IBM reveals that nearly half of the challenges related to AI adoption focus on data complexity (24%) and difficulty integrating and scaling projects (24%). While it may be expedient for marketers to “slap a GPT suffix on it and call it AI,” businesses striving to truly implement and incorporate AI and ML face a two-headed challenge: first, it’s difficult and expensive, and second, because it’s difficult and expensive, it’s hard to come by the “sandboxes” that are necessary to enable experimentation and prove “green shoots” of value that would warrant further investment. In short, AI and ML are inaccessible.
Data, data, everywhere
History shows that most business shifts at first seem difficult and expensive. However, spending time and resources on these efforts has paid off for the innovators. Businesses identify new assets, and use new processes to achieve new goals—sometimes lofty, unexpected ones. The asset at the focus of the AI craze is data.
The world is exploding with data. According to a 2020 report by Seagate and IDC, during the next two years, enterprise data is projected to increase at a 42.2% annual growth rate. And yet, only 32% of that data is currently being put to work.
Effective data management—storing, labeling, cataloging, securing, connecting, and making queryable—has no shortage of challenges. Once those challenges are overcome, businesses will need to identify users not only technically proficient enough to access and leverage that data, but also able to do so in a comprehensive manner.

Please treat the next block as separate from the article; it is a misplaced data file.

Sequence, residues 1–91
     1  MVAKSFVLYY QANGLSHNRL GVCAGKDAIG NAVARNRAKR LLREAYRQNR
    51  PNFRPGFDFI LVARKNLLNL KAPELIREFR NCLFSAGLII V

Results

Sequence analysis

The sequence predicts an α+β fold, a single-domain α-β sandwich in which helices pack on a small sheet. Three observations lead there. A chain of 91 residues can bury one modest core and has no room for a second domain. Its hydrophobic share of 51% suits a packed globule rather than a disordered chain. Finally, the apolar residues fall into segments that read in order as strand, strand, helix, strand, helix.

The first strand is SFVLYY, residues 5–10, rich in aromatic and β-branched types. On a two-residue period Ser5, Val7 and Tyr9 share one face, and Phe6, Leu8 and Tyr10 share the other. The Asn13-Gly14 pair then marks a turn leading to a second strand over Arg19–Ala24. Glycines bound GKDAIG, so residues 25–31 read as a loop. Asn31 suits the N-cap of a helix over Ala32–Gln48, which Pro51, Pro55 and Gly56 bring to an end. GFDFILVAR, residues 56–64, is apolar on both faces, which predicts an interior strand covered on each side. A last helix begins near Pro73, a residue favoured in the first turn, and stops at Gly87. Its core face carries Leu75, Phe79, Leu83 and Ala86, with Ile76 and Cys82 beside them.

Businesses today find themselves tasking garden-variety analysts with targeted, hypothesis-driven work. The shorthand is encapsulated in a common refrain: “I usually have analysts pull down a subset of the data and run pivot tables on it.”
To avoid tunnel vision and use data more comprehensively, this hypothesis-driven analysis is supplemented with business intelligence (BI), where data at scale is finessed into reports, dashboards, and visualizations. But even then, the dizzying scale of charts and graphs requires the person reviewing them to have a strong sense of what matters and what to look for—again, to be hypothesis-driven—in order to make sense of the world. Human beings simply cannot otherwise handle the cognitive overload.
The moment is opportune for AI and ML. Ideally, that would mean plentiful teams of data scientists, data engineers, and ML engineers that can deliver such solutions, at a price that folds neatly into IT budgets. Also ideally, businesses are ready with the right amount of technology; GPUs, compute, and orchestration infrastructure to build and deploy AI and ML solutions at scale. But much like the business revolutions of days past, this isn’t the case.
The marketplace is offering a proliferation of solutions based on two approaches: adding even more intelligence and insights to existing BI tools; and making it increasingly easier to develop and deploy ML solutions, in the growing field of ML operations, or MLOps.